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For our last class, we combined Chapters 11 and 12 (Balancing Work & Worship and Having a Mary Heart) along with a lovely meal (thank you everyone for making it a “great” potluck).

teeter-totter11Joanna Weaver uses the teeter-totter as her image for balancing work and work. We talked a little about our own teeter-totters and how one side sometimes gets heavier and out of balance. From scripture, we looked at the Samaritan story (Luke 10:25-37) and reviewed Weaver’s 3 keys to the story that the Samaritan “took notice,” “took action,” and “took responsibility.” Each one of these are important as we live and work in the world (in the kitchen).

From the Jesus’ teaching on prayer in Luke 11:1-13, we are reminded of our developing relationship with the Lord (the living room part) and how we must remember that for each one of “our parts” (asking, seeking, knocking), God will play is part (receiving, revealing, and opening the door).

This really goes back full circle to our first class when we talked about being both Mary and Martha. Both of these women are within us and we must nourish them both! We must serve and we must pray. As James 2:14-17 says, that faith without works is dead.

One specific side to the “living room” worship is the Sabbath. We also talked about the importance of a Sabbath rest (see Isaiah 58:13-14) for it is in the Sabbath that we can be renewed. Sometimes, that may mean “not” doing as we please or “going our own way.” Although we all appreciate the importance of this rest, we all confessed how we have allowed our culture and habits rob us of this blessing.

And one specific way of being on the “kitchen” side of worship is hospitality. How often do we block this blessing by worrying about our homes not being neat enough or nice enough to have company. As we talked about it, we realized that we have all admitted in previous classes that none of us are “neat-freaks” … so why worry? 🙂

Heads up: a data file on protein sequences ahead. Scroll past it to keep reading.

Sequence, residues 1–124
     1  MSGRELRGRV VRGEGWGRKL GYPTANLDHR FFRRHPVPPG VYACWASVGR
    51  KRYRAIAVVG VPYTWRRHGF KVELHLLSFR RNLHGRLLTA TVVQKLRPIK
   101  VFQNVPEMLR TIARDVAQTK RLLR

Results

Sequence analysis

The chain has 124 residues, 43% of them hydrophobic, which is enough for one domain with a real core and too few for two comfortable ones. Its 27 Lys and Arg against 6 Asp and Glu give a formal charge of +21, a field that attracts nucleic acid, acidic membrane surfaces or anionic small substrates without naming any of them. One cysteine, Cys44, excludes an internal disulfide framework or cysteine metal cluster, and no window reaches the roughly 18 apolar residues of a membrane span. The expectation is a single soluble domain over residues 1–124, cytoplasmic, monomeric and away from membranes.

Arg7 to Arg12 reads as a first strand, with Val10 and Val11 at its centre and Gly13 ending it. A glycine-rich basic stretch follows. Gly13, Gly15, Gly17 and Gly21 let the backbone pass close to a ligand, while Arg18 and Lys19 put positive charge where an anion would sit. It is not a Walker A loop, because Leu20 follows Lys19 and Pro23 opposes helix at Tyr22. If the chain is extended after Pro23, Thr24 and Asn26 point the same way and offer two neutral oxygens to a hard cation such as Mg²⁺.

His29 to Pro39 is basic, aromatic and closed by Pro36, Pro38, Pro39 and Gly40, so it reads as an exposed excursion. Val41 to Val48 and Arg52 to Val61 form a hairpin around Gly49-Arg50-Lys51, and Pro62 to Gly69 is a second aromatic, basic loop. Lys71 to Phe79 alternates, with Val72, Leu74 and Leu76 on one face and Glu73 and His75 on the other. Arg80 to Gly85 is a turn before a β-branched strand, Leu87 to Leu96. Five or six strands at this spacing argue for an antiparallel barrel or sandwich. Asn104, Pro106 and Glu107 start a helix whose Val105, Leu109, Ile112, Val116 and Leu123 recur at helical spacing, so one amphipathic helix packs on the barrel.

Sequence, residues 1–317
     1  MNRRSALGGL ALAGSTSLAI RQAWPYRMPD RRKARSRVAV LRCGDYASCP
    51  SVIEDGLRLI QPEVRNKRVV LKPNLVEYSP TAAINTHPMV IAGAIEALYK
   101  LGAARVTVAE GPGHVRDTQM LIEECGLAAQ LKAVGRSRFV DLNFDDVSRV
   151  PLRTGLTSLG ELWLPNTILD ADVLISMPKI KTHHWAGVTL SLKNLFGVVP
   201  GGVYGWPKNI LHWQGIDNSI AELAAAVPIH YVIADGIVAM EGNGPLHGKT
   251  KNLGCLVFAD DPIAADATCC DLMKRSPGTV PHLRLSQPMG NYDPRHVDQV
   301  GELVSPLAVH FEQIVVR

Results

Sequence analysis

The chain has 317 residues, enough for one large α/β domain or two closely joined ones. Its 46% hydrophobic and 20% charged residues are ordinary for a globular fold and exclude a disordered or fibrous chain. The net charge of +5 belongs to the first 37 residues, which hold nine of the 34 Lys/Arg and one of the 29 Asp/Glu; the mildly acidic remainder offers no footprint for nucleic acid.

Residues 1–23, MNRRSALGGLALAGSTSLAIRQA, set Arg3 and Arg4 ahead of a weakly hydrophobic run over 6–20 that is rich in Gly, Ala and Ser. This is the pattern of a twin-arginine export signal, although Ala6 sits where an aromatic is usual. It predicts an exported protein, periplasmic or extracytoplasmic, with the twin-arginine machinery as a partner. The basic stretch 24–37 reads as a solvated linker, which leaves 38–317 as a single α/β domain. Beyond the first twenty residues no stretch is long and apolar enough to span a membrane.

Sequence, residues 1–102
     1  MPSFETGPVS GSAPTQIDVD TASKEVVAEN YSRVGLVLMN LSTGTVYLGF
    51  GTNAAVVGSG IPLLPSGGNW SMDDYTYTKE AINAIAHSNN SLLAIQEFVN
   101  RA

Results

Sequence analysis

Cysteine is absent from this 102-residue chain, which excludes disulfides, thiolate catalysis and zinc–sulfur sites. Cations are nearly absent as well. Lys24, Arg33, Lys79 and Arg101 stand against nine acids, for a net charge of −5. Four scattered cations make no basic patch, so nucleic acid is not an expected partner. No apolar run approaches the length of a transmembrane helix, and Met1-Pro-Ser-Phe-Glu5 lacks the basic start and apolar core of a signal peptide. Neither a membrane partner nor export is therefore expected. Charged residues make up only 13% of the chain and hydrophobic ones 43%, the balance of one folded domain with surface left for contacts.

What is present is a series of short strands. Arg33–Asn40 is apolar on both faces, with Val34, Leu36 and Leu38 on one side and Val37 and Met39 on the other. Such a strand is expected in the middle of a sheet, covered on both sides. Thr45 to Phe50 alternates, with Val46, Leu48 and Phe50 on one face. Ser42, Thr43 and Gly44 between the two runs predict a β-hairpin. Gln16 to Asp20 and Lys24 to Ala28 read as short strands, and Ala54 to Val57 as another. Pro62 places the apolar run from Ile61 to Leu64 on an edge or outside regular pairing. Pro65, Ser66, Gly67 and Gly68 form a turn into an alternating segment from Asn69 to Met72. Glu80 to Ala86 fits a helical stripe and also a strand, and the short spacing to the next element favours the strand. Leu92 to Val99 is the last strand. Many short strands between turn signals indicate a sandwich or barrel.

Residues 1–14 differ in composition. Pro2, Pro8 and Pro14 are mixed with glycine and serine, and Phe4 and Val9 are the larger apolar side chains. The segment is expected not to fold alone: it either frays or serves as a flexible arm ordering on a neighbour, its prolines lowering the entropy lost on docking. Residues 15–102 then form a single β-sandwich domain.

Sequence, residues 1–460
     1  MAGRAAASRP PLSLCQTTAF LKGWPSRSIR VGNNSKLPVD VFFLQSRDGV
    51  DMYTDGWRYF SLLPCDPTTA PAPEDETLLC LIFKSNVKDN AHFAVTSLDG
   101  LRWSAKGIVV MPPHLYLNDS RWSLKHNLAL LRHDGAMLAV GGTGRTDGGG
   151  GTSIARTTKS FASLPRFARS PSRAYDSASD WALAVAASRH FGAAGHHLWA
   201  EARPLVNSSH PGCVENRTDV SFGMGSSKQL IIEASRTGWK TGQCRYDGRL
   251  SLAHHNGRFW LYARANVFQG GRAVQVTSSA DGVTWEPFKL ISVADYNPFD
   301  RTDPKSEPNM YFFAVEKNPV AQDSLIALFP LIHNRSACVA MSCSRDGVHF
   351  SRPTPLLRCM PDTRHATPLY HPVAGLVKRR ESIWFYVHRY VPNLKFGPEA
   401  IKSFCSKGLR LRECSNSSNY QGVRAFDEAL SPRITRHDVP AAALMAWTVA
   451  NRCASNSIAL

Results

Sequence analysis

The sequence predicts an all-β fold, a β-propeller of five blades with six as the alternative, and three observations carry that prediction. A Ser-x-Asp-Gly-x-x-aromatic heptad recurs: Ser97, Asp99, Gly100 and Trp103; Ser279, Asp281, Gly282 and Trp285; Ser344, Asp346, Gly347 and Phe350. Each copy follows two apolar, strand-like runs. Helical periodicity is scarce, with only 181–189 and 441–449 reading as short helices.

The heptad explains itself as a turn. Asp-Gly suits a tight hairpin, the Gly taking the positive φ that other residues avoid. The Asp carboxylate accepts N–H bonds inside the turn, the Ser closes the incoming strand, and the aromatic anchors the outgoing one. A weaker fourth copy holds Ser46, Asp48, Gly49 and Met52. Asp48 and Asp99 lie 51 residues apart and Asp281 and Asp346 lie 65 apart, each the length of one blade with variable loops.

Joanna Weaver says,

“The secret of balancing worship and work, devotion & service, love of God and love of people is maintaining our connection to Jesus Christ. Our relationship with his is the fulcrum, the anchor, the steadying point that makes balance possible in the first place. The deepter the relationship goes, the more stable the balance will be.”


How often do we do something for someone else and have our actions misinterpreted? Certainly, when Mary poured out the nard on Jesus’ feet and dried them with her hair, her actions were probably both misterpreted and scandalous. Of all people who was most “appalled,” it was Judas.

Interestingly, Joanna Weaver, does a broad comparison of these two, Judas and Mary. Where Mary had a “heart of gratitude,” Judas had a heart of greed. Where Mary came to Jesus with abandonment, Judas came with a personal agenda. Where Mary heard and understood Jesus, Judas only heard what he wanted to hear. Where Mary held nothing back, Judas gave nothing up. We discussed where we have been on this continuum.